Attorney Eric D. Puryear

Annulments in Illinois

Puryear Law » Legal Blog » Illinois Family Law » Annulments in Illinois

In Illinois, one spouse may obtain a “judgment of invalidity” or an annulment under the following grounds:

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(1) One spouse lacked the capacity to consent to marriage because at the time of the ceremony the spouse suffered from a mental disorder, was under the influence of alcohol, or force, fraud, or duress was involved;

(2) one spouse lacks the physical capacity to consummate the marriage and hid this fact from the other spouse;

(3) the marriage is legally prohibited (bigamy and incest); or

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(4) one of the spouses was a minor (16 or 17-years-old) at the time of the marriage and and no consent was obtained from the legal guardians.

Strict time limitations apply and limit when a judgment of invalidity can be filed in Illinois. For the reasons set forth in (1), the action must be brought by either party or the legal representative of the party who lacked consent within ninety (90) days after the petitioner obtained knowledge of the condition. For the reason set forth in (2), the action must be brought by either party no later than one (1) year after the petitioner obtained knowledge of the condition. For the reason in (3), the minor or guardian must bring the action prior to reaching the age of majority. For (1), (2), and (3), the action cannot be brought after the death of either of the married parties. For the reason in (4), the action can be brought by either party, the legal spouse, the State’s Attorney, or a child of the parties any time not to exceed three years following the death of the first party to die.

The procedure for filing a judgment of invalidity in Illinois is the same as filing for divorce. Either of the spouses must be a residence of the state at least ninety (90) days before the filing of the petition. The petition, which must contain certain required language, is filed along with the summons. The responding spouse must be personally served. A hearing is held before the judge. After the hearing, the judge must determine if a ground has been met. If so, the judge can sign an order granting the judgment of invalidity.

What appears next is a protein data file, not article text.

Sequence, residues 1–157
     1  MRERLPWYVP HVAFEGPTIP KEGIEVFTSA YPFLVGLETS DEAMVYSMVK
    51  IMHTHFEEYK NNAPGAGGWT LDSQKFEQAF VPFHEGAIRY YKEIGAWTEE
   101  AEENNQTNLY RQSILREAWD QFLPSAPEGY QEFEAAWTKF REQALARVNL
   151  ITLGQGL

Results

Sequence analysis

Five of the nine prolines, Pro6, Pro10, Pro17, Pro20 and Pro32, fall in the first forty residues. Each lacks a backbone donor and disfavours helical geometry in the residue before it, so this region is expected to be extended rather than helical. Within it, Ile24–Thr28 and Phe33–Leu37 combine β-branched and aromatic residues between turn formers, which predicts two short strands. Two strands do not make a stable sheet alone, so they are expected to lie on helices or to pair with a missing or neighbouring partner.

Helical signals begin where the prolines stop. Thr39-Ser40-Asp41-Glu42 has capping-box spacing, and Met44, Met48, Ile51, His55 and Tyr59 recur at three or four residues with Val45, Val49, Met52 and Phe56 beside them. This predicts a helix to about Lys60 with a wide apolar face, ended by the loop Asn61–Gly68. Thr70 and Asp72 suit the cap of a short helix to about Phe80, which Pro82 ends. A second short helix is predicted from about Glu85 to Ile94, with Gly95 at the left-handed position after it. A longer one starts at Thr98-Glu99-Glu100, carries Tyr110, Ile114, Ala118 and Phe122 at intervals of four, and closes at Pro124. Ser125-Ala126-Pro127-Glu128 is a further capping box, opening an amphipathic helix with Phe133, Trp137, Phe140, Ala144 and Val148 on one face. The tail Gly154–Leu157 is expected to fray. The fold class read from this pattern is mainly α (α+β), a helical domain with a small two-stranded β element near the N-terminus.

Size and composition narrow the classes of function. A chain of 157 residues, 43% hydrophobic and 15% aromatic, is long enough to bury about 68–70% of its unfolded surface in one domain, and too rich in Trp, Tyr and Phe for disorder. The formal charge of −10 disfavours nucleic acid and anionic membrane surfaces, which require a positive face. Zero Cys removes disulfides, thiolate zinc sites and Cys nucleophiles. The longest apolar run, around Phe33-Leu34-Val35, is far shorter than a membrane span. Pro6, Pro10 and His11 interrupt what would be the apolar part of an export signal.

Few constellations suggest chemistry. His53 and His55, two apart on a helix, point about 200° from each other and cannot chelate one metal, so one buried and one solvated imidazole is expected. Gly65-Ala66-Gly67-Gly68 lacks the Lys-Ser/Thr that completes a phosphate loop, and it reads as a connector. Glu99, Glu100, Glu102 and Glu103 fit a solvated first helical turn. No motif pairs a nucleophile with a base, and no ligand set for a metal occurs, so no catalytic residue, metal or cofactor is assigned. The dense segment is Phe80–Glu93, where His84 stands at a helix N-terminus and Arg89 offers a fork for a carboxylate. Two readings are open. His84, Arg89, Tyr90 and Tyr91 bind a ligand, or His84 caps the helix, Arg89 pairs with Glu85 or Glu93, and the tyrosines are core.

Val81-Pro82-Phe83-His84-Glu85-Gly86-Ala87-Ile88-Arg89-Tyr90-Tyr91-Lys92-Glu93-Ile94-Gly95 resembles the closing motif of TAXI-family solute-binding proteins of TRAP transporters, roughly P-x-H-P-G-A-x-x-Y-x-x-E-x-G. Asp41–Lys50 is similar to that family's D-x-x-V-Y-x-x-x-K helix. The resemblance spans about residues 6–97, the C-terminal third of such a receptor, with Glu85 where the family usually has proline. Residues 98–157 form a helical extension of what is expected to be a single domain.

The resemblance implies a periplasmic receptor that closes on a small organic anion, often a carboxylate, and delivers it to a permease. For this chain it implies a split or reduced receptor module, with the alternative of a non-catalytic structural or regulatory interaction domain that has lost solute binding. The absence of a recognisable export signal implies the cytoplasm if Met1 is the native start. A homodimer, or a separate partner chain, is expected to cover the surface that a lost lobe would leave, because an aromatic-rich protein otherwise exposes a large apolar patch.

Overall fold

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If an annulment is granted, then the spouses are treated as if they were never married, which is different from a divorce action. A divorce action ends a marriage that is a valid marriage. If children are born during the marriage, a judgment of invalidity does not affect the legitimacy of the children. The judge must decide if the judgment should be made retroactive or not to the date of the marriage. If the judgment is retroactive, the court does not have authority to decide issues of custody, visitation, and child support or to divide the parties’ property. If the judgment is made retroactive, a separate proceeding under the Illinois Parentage Act would need to be filed to deal with custody, visitation, and child support issues. In addition, if the judgment is retroactive, the court may not award alimony, and the spouses must figure out themselves how to divide marital property.

Because of the legal requirements for getting a judgment of invalidity, it is harder to obtain a judgment of invalidity than it is to obtain a divorce. It is important to consult with an attorney regarding your options.

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